Capital Commentary is the weekly current-affairs publication of CPJ, written to encourage the pursuit of public justice.
Go for the Substance, Not the Sizzle
So, the Senate, after all, went home without ever passing faith-based legislation. A vote had been promised for months on the CARE Act, the bill designed to spark private charitable giving and to create greater access by faith-based groups to federal funds. CARE was supposed to be noncontroversial: unlike the House-passed Community Solutions Act, it didn't expand Charitable Choice but only cut some extreme anti-faith restrictions. Yet, despite its many cosponsors and 1,600 endorsing groups, it stalled. Opponents prevented a vote because the bill was silent about religious staffing instead of adding the new restrictions they wanted.
Thus, the Senate's "lite" version of faith-based legislation made even less progress than the House's robust attempt to apply Charitable Choice's faith-friendly principles beyond the four federal programs to which the Clinton-era Congress applied them. But now, of course, things are different. In the new Congress, the Senate will be back in Republican hands, Republicans will have a bigger edge in the House, and the Bush White House is riding tall. Should faith-friendly legislators revive the Senate's lite bill or champion the House's robust reform bill?
There's a better strategy: put sweeping faith-based legislation on the shelf and adopt a step-by-step plan that targets specific anti-faith elements in specific laws. Why incrementalism? Because, although targeted ac-tion won't make a big splash, it will address the real problems and has a real chance of success.
Remember the goal. No one is trying to create special funding or privileges for faith-based providers. The aim is equal opportunity: a chance for faith-based groups to compete for government funding without having to strip away their faith character. What's needed is not so much a big bill for faith-based groups as a big push to ensure that federal social programs aren't biased against faith groups.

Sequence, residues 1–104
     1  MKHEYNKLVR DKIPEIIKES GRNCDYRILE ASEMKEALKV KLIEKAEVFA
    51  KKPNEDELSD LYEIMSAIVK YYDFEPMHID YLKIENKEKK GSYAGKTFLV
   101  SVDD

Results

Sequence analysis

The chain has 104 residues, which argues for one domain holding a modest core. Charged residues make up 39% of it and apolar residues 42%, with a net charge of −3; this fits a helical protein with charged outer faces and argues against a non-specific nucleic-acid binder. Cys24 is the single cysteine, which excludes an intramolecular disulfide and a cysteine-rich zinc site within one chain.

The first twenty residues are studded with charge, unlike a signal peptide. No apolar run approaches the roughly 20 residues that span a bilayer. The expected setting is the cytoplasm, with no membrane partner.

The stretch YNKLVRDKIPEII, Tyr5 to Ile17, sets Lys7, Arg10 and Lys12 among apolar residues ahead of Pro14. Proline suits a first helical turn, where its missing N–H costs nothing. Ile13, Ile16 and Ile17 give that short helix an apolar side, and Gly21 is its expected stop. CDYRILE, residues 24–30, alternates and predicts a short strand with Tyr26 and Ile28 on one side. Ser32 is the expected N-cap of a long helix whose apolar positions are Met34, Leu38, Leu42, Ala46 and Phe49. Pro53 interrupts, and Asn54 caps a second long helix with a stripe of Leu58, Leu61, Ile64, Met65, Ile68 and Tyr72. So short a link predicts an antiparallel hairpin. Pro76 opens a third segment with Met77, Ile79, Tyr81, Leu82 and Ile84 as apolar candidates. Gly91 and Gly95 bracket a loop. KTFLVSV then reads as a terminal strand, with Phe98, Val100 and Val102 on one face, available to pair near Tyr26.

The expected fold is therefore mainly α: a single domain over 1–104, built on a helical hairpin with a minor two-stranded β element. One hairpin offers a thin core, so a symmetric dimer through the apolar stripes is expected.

When Congress reauthorizes legislation for social programs, or passes appropriations bills that fund social spending, or considers new social programs, then faith-friendly legislators should make sure that there are no provisions that hurt faith-based groups while boosting secular competitors. We don't need laws saying that religious groups can retain their religious character; we just need to get rid of the bias against so-called "pervasively sectarian" groups. We don't need new rules to let faith-based groups select only staff who believe in their mission; we just need to be sure that their liberty to do so under the 1964 Civil Rights Act is not undermined by other language in the laws.
And here's the practical reason for surgical strikes rather than new grand gestures. Every time Congress has adopted faith-based legislation, it did so as part of an effort to solve a social problem and not simply because it is a good idea to open government funding to faith-based groups. There just are too many people in Congress and too many powerful groups outside of Congress who oppose equal treatment for faith-based providers.
But things look different when the focus is on solving a social problem such as welfare dependency, drug abuse, or neighborhood decline. Then the issue is who can best provide solutions and who, on their own dime, is already actively at work. When the question before Congress is not "Are you for or against faith-based groups?" but instead, "Should the rules for federal spending include all effective groups or discriminate against the faith-based ones?" then equal treatment and compassionate results can win.
So, faith-friendly legislators, do us a favor: go for the substance and not the sizzle! Put the grand plans on the shelf so we can have real reform!
—Stanley Carlson-Thies, Fellow
Center for Public Justice
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Capital Commentary is a weekly current-affairs publication of the Center for Public Justice. Published since 1996, it is written to encourage the pursuit of justice. Commentaries do not necessarily represent an official position of the Center for Public Justice but are intended to help advance discussion. Articles, with attribution, may be republished according to our publishing guidelines.”